Examining the growing influence of technology within the mortgage market

Silver lining of COVID was the advancement of technology

Examining the growing influence of technology within the mortgage market

During the pandemic, we all had to embrace home working and the associated new technology, willingly or not. 

The advancement of technology was one of the few silver linings of COVID, and has resulted in a better-connected market, according to David Kempster (pictured), director of Groundsure.

“If there is one thing I have learned these past couple of years, it is that across our industry and all aspects of the property transaction, we should seize this cultural shift and continue the acceleration of tech adoption. We had to do it with COVID, why not continue the momentum?” he said.

Kempster stated that innovations are coming up stream all the time, some of them under the moniker of “proptech”, some of them not - but he said that they all, essentially, seek improvements and efficiencies. 

“Ultimately, this has to enhance customers’ experience of purchasing a property, one of the most stressful and significant times in their lives,” he added.

“I have been around long enough to see two or three supposed revolutions in tech, from e-conveyancing and HIPs to blockchain, all trying to iron out the inherent inefficiencies and curveballs the process can throw at you,” Kempster said.

While he believes technology is good for volume vanilla cases, he said conveyancing must be able to flex and account for exceptions. For the most part though, Kempster said technology can mitigate many of the frustrations that arise.

“When everything else they do is accessible online, today’s clients do not want to wait while their home moving process is managed by piecemeal communications. They want a holistic, simplified view of the process that outlines their progress,” Kempster said.

Read more: How important is technology to the mortgage industry post-COVID?

As digital natives, Millennials are early adopters, Kempster explained, whether that is booking appointments with their doctor via an app or preparing for the day by asking Alexa about the weather - he said they have come to expect technology to facilitate solutions. 

As such, Kempster believes the mortgage industry must focus on developing products that meet Millennials’ expectations. 

“After all, first-time buyers make up 51% of the market, and the average first-time buyer is 31,” he added.

Providing this generation with the right tools, he believes, will ensure the home moving process is aligned with the digital age.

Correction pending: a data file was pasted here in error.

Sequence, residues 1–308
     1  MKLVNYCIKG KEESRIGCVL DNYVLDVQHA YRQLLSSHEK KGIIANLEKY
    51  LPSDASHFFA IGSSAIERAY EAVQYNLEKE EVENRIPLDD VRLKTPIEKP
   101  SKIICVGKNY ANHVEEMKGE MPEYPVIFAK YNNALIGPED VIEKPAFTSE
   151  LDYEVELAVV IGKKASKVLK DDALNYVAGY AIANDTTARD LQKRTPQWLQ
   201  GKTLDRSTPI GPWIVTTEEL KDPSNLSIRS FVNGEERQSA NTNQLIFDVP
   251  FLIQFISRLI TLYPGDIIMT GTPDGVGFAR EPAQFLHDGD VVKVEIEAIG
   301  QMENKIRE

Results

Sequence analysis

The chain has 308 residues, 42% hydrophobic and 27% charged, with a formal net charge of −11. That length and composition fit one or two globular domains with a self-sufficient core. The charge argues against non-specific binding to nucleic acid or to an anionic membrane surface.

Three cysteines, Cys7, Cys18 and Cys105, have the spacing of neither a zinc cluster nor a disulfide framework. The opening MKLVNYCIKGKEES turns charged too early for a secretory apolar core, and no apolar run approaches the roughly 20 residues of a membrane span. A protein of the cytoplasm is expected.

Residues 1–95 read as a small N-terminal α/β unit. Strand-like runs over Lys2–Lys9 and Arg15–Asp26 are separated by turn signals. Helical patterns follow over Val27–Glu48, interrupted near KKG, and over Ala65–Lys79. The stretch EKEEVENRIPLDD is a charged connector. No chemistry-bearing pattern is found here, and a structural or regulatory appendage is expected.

However, Kempster acknowledged the need for human interaction also became apparent over the course of the pandemic.

“While it is all well and good having cutting edge technology at our fingertips, we have learnt that personal relationships are still vitally important,” he said.

He explained that this is never more true than when things go wrong, and said that when issues occur, borrowers want to be able to pick up the phone and speak to someone.

Read more: How has technology influenced the mortgage market over the last two years?

“Technology can improve the way we work, but reducing the reliance on emails with unnecessary queries, while at the same time retaining the spoken word and a bit of empathy, is the mortgage Nirvana. From that point of view, the greatest piece of technology could still be the telephone,” Kempster added.

Ben Sampson, director of digital programmes at Yorkshire Building Society, added that technology enhancements are having a growing influence on all parts of financial services, and lending is no exception. 

“I believe that technology will help improve three main parts of the lending process as we move forward, all of which our customers are demanding,” he said.

Firstly, he explained that there is certainty; Sampson outlined how access to a customer’s data can allow lenders to provide more certainty of an appetite to lend earlier in their application. 

Secondly, Sampson said the market can use technology to automate and speed up the process so that customers can get their offer sooner, and then move to formalising their offers and securing their dream home. 

“Finally, technology could be helpful for customers to understand more about the homebuying journey and how they can prepare for this upfront,” he concluded.